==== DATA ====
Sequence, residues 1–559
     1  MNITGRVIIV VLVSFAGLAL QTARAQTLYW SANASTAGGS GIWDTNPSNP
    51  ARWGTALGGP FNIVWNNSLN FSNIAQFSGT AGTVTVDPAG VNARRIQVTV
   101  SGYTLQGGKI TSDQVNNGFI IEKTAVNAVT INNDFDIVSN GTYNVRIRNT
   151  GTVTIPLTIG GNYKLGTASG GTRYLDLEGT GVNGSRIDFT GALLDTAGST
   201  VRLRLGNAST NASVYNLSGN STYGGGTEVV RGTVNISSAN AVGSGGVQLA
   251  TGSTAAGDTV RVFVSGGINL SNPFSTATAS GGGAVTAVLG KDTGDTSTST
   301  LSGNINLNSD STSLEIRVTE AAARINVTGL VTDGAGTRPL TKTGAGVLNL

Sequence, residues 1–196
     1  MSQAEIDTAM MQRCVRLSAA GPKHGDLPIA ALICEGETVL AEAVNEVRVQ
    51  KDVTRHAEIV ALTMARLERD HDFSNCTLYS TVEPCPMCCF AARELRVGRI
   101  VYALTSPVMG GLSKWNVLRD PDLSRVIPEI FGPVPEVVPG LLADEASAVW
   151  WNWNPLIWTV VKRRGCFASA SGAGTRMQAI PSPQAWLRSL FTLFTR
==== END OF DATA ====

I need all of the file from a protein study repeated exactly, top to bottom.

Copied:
Sequence, residues 1–559
     1  MNITGRVIIV VLVSFAGLAL QTARAQTLYW SANASTAGGS GIWDTNPSNP
    51  ARWGTALGGP FNIVWNNSLN FSNIAQFSGT AGTVTVDPAG VNARRIQVTV
   101  SGYTLQGGKI TSDQVNNGFI IEKTAVNAVT INNDFDIVSN GTYNVRIRNT
   151  GTVTIPLTIG GNYKLGTASG GTRYLDLEGT GVNGSRIDFT GALLDTAGST
   201  VRLRLGNAST NASVYNLSGN STYGGGTEVV RGTVNISSAN AVGSGGVQLA
   251  TGSTAAGDTV RVFVSGGINL SNPFSTATAS GGGAVTAVLG KDTGDTSTST
   301  LSGNINLNSD STSLEIRVTE AAARINVTGL VTDGAGTRPL TKTGAGVLNL

Sequence, residues 1–196
     1  MSQAEIDTAM MQRCVRLSAA GPKHGDLPIA ALICEGETVL AEAVNEVRVQ
    51  KDVTRHAEIV ALTMARLERD HDFSNCTLYS TVEPCPMCCF AARELRVGRI
   101  VYALTSPVMG GLSKWNVLRD PDLSRVIPEI FGPVPEVVPG LLADEASAVW
   151  WNWNPLIWTV VKRRGCFASA SGAGTRMQAI PSPQAWLRSL FTLFTR